What causes of swollen feet and ankles?

What causes of swollen feet and ankles?

The below list explains some of the most common causes of swollen feet and ankles (i.e. oedema in these areas): 

Lymphedema (lymph node drainage blockage)

This condition refers to an accumulation of lymphatic fluid in the tissues of the body that may develop as a result of issues with the lymph vessels wherein a blockage occurs, or if lymph nodes have been surgically removed. The disorder commonly affects the limbs and may cause swelling in one or both legs, ankles and feet.

The lymphatic system has a number of interrelated functions including maintaining fluid balance (homeostasis) within the body, combatting infection and the absorption of fats.  

This system drains excess tissue fluid (known as interstitial fluid) and returns it to the blood. This is vital in the maintenance of fluid balance as the body’s blood capillaries release small amounts of blood plasma and fluid into the surrounding tissues and without lymph drainage occurring, these fluids accumulate within the tissues and swelling (oedema/edema) occurs.

The fluid formed during the process of drainage is called lymph fluid. This fluid contains white blood cells (lymphocytes – B cells and T cells), chyle (fluid from the lymphatic vessels of the small intestines) and red blood cells as well as a concentration of foreign substances (antigens) and infectious agents (bacteria, viruses and fungi) when these are present in the body.

Lymph fluid travels along a complex network of lymph capillaries and vessels, similar to the circulatory system's capillaries and veins. These vessels are connected to the lymph nodes, here, the fluid will be filtered, and any unwanted substances trapped and destroyed.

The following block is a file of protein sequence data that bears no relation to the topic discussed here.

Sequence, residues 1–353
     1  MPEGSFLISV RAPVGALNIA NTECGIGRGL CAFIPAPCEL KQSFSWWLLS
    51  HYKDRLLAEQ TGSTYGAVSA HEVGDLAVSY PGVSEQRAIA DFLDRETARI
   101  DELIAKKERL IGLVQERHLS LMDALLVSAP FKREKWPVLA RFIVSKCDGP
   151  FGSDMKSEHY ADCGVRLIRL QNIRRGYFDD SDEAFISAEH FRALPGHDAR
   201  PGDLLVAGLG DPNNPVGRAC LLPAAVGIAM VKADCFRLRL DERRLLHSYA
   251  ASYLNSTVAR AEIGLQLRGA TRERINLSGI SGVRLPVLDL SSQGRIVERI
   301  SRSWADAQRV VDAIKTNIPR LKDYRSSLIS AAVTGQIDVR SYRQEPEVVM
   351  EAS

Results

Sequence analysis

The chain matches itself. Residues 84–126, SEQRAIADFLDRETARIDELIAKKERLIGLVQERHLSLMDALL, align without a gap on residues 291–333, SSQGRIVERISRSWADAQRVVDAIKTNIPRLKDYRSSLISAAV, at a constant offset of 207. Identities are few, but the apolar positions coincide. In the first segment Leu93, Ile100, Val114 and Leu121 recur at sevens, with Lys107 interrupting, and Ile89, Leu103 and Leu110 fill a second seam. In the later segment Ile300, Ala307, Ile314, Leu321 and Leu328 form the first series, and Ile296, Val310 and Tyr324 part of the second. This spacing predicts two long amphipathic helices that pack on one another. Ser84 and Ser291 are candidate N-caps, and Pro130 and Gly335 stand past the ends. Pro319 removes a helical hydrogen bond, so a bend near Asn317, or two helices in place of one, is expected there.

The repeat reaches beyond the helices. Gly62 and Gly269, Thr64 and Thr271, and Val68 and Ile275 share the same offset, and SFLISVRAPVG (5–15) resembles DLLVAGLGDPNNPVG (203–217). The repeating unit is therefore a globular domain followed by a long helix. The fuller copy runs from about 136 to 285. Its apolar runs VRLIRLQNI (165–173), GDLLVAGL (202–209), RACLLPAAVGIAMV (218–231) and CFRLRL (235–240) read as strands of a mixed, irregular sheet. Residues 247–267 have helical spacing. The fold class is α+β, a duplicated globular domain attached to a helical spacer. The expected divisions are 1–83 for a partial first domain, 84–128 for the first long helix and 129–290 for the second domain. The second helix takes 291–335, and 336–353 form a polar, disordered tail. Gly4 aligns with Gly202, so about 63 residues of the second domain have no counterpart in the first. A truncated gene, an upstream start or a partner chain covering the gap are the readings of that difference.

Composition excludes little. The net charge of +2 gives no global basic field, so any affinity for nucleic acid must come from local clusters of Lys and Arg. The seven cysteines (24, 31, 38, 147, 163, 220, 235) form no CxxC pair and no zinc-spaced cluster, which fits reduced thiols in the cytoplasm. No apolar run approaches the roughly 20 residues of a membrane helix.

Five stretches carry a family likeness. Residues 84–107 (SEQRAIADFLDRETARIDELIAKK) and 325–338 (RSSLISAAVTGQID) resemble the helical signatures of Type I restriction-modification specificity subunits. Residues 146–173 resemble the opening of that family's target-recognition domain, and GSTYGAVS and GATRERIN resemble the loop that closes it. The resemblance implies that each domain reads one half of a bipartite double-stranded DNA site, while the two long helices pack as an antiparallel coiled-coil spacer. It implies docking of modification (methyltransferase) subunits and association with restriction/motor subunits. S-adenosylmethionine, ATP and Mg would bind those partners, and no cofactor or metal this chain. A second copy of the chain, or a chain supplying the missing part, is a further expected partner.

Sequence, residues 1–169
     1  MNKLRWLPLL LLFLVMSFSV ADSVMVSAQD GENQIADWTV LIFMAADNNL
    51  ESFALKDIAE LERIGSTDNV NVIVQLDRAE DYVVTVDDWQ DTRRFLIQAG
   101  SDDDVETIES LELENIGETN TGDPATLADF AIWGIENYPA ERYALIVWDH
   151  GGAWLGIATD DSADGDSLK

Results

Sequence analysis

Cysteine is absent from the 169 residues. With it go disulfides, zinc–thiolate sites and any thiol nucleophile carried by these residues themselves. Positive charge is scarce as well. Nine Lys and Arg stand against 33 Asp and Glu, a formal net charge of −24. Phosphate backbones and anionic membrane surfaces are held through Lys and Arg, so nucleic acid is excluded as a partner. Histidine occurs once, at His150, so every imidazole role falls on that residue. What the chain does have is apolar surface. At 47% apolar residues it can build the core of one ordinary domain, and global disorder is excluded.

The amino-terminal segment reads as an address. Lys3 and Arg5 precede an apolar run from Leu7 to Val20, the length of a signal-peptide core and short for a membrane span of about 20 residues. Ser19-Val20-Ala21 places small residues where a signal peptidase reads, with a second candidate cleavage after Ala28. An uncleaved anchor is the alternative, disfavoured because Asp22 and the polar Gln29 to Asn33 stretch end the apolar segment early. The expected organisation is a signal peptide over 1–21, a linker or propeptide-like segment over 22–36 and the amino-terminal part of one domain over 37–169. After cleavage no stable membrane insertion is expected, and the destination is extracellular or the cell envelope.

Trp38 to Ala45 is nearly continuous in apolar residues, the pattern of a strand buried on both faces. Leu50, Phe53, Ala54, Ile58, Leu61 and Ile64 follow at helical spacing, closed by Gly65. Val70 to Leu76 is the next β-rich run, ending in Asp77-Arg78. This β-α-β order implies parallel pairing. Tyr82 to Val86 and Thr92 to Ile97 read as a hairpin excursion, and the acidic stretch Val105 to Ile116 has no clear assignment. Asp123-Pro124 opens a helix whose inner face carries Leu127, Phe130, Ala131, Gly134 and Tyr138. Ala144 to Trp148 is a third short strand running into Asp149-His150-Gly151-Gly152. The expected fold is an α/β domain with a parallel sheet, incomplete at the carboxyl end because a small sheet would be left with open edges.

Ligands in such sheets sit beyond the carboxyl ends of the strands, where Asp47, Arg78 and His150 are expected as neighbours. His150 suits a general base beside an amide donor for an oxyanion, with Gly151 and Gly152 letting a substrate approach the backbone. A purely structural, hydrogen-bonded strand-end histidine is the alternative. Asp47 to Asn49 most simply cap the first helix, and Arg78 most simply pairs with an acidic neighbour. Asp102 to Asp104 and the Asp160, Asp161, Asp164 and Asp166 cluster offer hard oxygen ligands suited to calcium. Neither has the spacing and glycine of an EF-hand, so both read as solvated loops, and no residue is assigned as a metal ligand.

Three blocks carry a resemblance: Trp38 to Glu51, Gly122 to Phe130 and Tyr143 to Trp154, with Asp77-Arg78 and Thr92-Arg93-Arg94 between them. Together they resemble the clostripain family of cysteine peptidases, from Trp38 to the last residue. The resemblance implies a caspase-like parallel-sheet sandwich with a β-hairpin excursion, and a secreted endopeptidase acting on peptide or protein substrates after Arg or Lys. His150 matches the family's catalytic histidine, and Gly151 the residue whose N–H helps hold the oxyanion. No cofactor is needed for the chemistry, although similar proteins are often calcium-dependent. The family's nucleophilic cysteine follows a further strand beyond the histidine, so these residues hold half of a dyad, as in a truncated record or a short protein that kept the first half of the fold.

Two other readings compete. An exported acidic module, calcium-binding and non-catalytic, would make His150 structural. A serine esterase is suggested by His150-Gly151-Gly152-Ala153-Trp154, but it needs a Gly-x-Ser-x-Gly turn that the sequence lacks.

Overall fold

When harmful invaders such as bacteria, fungi or viruses are detected in the lymph fluid, the lymph nodes create more white blood cells to fight off any potential infections, this may result in swelling of the lymph nodes (also referred to as ‘swollen glands’) as they go into overproduction of fluid. This swelling can be felt under the arms, above the collarbone, in the neck and groin and is often the first sign that the body is fighting infection.

The body has hundreds of lymph nodes, they are located deep inside, around the heart and lungs while some are situated closer to the skin’s surface such as under the arms or in the groin. The movement of the body’s skeletal and smooth muscles, as well as respiratory action, acts as a pump for moving lymph fluid through the lymph channels and back into the circulatory system.